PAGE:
Sir John, in his “Dream,” as in “La Belle Dame,” encounters the muse. Again, in both, he is unable to bring her message back home. In fact, he gives up trying to write “The Fall of Hyperion: A dream,” leaving us with only a fragment. The task of being an intermediary between the muse and men is a daunting one.

I began this thread as follows:
“In a recent post, I referred to the muse as “dumb.” By that I meant that she is unable to make any sounds that are intelligible to school-boys. She can speak only in the language of Nature, which no scholar can ever understand. Only a poet can ever hope to sense her meaning; and, as her champion, try to restate in human terms what she is saying.”
and I continued:
“Anyone who was neither a faery nor a poet would, if he heard anything at all, think it was perhaps only the whisper of the wind.”

My comrade in arms, Sir John, put it this way in the musings that you mentioned:
“Mortal, that thou may'st understand aright, I humanize my sayings to thine ear, making comparisons of earthly things; or thou might'st better listen to the wind, whose language is to thee a barren noise, though it blows legend laden through the trees. In melancholy realms big tears are shed, more sorrow like to this, and such like woe, too huge for mortal tongue, or pen of scribe.”

In his dream, Sir John hears more than the wind in the trees; but, in the end, it still proves too huge for the pen of our poor mortal scribe. The effective result is: the muse is mute. She screams; but the ears of men are deaf to her, save for a few “vision’ries”. For the rest, “They are no dreamers weak; they seek no wonder but the human face, no music but a happy noted voice; they come not here, they have no thought to come.”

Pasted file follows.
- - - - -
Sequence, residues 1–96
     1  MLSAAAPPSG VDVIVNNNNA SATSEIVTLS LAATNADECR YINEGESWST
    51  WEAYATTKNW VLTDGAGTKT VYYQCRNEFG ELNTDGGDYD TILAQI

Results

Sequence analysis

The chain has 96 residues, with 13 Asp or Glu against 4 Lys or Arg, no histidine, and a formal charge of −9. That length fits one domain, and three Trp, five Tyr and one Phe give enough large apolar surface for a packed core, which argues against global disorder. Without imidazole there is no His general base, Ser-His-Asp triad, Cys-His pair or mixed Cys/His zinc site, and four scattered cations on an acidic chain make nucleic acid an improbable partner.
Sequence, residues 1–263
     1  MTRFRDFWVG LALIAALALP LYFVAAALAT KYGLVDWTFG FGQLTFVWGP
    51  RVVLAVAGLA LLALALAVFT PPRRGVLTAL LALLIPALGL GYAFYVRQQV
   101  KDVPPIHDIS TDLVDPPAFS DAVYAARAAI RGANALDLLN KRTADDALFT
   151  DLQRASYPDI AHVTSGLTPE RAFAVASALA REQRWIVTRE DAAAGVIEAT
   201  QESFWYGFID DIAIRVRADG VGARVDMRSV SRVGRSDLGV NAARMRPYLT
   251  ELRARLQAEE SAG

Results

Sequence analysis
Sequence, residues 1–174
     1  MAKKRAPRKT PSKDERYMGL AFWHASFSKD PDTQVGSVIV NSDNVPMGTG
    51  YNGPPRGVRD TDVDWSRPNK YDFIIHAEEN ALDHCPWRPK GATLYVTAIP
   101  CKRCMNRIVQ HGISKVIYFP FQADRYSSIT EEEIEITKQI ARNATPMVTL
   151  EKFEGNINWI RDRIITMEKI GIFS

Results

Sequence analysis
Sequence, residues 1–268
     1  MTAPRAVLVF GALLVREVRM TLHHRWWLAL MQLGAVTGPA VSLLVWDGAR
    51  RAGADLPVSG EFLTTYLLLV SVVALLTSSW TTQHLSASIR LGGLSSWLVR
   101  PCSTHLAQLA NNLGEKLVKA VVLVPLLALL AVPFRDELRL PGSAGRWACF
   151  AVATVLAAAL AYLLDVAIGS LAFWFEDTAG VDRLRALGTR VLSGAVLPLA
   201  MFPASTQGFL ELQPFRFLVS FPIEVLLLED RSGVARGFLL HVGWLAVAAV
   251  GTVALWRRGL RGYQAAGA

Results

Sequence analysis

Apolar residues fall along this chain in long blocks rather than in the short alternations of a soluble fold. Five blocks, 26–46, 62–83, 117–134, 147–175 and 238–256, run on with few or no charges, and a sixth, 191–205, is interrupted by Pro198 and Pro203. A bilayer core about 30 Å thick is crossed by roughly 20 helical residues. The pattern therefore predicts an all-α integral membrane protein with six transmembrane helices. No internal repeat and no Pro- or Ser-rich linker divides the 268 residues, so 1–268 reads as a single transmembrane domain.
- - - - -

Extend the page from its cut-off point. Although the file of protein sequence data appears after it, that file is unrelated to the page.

“There is a contempt for those who tread the unknown regions of the mind, to explore fully what it means to be human to the profoundest depths.”—S. Saturn, Esq.

I tell you, Sir Stephen, it is contempt born out of fear. So we must continue to be fearless. We must, as Sir David of Chatterley said, hold ourselves “together and fight, with a hit-hit here and a hit-hit there, and a comfortable feeling at night that [we]’ve let in a little air.”

We must – for the beautiful lady.
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Keep fighting the good fight

Postby Saturn » Tue Jun 08, 2004 11:17 pm

Verily, Sir Knight, mayest thou goe forth and slay ye dragoons of Ignorance, and long continuest ye warre against foul Ridicule and hideous Neglect.
"Oh what a misery it is to have an intellect in splints".
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No More Mr. Knight’s Guy

Postby knight@arms » Fri Jun 11, 2004 2:48 am

No More Mr. Knight’s Guy

I came to john-keats.com because I wanted to check something in “La Belle Dame Sans Merci” and felt I could do so faster online rather than searching through my paper tomes. I was annoyed to see that Keats’ version of the poem wasn’t included on the site nor, in fact, even acknowledged to exist. So I joined the forum and began posting as knight@arms, choosing that name because I saw myself as defending Keats’ honour, defending truth-and-beauty, and, most importantly, defending the muse.

Not surprisingly, I was met with the old “most people agree” that his earlier version was the better one argument – sort of the “we all say so; so it must be so,” school of thought. I intend to start a whole new thread regarding such schools and the school-boys or scholars (as they like to call themselves) who perpetuate them. For now, suffice it to say that scholars killed John Keats.